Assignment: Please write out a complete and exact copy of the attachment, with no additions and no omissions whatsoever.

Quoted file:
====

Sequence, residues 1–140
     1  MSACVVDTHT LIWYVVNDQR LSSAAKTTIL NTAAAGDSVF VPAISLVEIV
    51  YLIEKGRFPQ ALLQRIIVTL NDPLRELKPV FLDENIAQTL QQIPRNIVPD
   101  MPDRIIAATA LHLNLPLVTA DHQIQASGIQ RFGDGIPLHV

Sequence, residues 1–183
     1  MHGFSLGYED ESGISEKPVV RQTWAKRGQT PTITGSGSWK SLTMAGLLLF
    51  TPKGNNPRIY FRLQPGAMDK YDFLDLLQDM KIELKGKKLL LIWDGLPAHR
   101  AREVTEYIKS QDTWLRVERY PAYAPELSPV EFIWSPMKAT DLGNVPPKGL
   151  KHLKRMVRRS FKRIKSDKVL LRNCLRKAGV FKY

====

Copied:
Sequence, residues 1–140
     1  MSACVVDTHT LIWYVVNDQR LSSAAKTTIL NTAAAGDSVF VPAISLVEIV
    51  YLIEKGRFPQ ALLQRIIVTL NDPLRELKPV FLDENIAQTL QQIPRNIVPD
   101  MPDRIIAATA LHLNLPLVTA DHQIQASGIQ RFGDGIPLHV

Sequence, residues 1–183
     1  MHGFSLGYED ESGISEKPVV RQTWAKRGQT PTITGSGSWK SLTMAGLLLF
    51  TPKGNNPRIY FRLQPGAMDK YDFLDLLQDM KIELKGKKLL LIWDGLPAHR
   101  AREVTEYIKS QDTWLRVERY PAYAPELSPV EFIWSPMKAT DLGNVPPKGL
   151  KHLKRMVRRS FKRIKSDKVL LRNCLRKAGV FKY